The bottom line is simple. If you are opposed to cockfighting, you had better be a vegetarian; otherwise your argument against cockfighting has no leg to stand on. I would also argue that it is ok to be opposed to the horrible life that factory chickens live and still support cockfighting. In fact, that is the stand that a perfectly logical person would take. Support cockfighting because of the high quality of life that gamecocks live. Not only do they live a high quality life, but also they get to die doing what they love. If you still want to eat chicken, but don’t want to support the way factory chickens are processed, go to a cockfight, wait for one of the gamecocks to be killed, and then throw him on the grill. It will probably be the best chicken you have ever tasted because of the high quality food that the gamecock enjoyed throughout his life.
Now, if you are still opposed to cockfighting, and are an active vegetarian, there are a few other things that you will have to give up. These would include hunting, fishing, or attending a rodeo, bullfight, or circus. You also better throw away your entire stock of insect repellant, and don’t even think about killing the next black widow or rattlesnake you see. Also, be prepared to suffer through your next case of strep throat without taking any penicillin. While experimenting on mice at Oxford University in 1940, penicillin was discovered. The list goes on and on, as does the extremity of the actions that follow as a result of being anti-cockfighting. All I ask is that you are reasonable in making your decision. Don’t support one form of extreme animal cruelty (eating chicken) while being opposed to another form that is questionable at best (cockfighting).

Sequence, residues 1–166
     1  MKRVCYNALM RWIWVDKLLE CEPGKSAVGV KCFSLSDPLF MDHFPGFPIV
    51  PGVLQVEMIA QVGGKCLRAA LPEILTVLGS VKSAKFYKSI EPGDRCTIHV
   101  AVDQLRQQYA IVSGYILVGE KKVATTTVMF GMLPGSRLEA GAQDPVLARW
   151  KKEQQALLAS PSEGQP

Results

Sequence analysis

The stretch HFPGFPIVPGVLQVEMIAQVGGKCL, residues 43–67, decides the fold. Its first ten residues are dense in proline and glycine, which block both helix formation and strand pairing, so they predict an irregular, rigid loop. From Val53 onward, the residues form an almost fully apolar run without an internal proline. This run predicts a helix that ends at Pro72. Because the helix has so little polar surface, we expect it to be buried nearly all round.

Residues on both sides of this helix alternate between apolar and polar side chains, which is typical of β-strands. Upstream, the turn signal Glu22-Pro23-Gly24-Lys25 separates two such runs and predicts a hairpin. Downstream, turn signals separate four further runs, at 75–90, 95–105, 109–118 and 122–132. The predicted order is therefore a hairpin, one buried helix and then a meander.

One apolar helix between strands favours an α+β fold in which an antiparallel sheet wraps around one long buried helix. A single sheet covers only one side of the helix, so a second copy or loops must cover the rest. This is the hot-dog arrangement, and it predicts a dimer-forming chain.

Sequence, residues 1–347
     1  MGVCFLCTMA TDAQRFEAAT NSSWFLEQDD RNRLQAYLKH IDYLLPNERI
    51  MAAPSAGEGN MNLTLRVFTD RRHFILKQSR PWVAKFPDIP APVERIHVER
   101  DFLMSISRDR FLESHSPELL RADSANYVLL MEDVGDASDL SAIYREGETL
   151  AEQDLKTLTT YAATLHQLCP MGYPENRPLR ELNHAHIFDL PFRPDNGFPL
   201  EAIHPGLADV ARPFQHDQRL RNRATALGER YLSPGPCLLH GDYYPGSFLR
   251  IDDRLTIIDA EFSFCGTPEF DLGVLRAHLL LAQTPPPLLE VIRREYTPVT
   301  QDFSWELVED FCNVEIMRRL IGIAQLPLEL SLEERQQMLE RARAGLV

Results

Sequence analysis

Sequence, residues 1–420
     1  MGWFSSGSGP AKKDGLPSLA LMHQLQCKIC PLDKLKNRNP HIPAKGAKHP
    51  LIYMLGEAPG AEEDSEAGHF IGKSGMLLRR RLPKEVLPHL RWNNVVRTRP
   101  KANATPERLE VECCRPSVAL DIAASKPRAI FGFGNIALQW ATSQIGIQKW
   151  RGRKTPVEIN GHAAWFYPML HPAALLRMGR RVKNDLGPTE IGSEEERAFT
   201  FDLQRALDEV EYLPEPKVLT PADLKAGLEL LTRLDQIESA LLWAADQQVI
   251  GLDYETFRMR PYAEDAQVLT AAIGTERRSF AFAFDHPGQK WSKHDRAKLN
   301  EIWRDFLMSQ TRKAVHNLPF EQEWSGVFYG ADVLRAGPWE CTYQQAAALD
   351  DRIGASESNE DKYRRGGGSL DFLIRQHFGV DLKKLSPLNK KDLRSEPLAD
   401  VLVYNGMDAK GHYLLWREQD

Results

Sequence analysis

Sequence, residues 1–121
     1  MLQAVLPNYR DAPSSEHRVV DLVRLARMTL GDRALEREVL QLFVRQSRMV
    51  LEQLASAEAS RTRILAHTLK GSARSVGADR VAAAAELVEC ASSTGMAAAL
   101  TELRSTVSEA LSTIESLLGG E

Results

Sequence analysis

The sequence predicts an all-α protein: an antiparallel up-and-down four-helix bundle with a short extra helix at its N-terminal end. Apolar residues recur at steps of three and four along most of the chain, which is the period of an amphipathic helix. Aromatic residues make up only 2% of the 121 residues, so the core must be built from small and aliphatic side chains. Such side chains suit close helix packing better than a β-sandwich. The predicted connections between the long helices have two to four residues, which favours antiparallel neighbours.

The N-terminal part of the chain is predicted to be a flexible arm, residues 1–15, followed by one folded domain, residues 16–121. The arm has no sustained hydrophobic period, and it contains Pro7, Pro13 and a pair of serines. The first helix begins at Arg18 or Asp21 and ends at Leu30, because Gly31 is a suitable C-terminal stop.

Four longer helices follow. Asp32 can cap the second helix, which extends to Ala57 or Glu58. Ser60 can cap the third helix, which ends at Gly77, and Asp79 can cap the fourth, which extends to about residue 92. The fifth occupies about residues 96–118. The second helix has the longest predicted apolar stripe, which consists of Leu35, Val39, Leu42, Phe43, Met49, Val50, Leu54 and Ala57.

11:42 AM  
Blogger Frank said...

That was one of the best aguments I have read of the sport...Thanks

9:33 AM  
Blogger elias said...

hey does anybody have info on black gold radio fowl

9:26 PM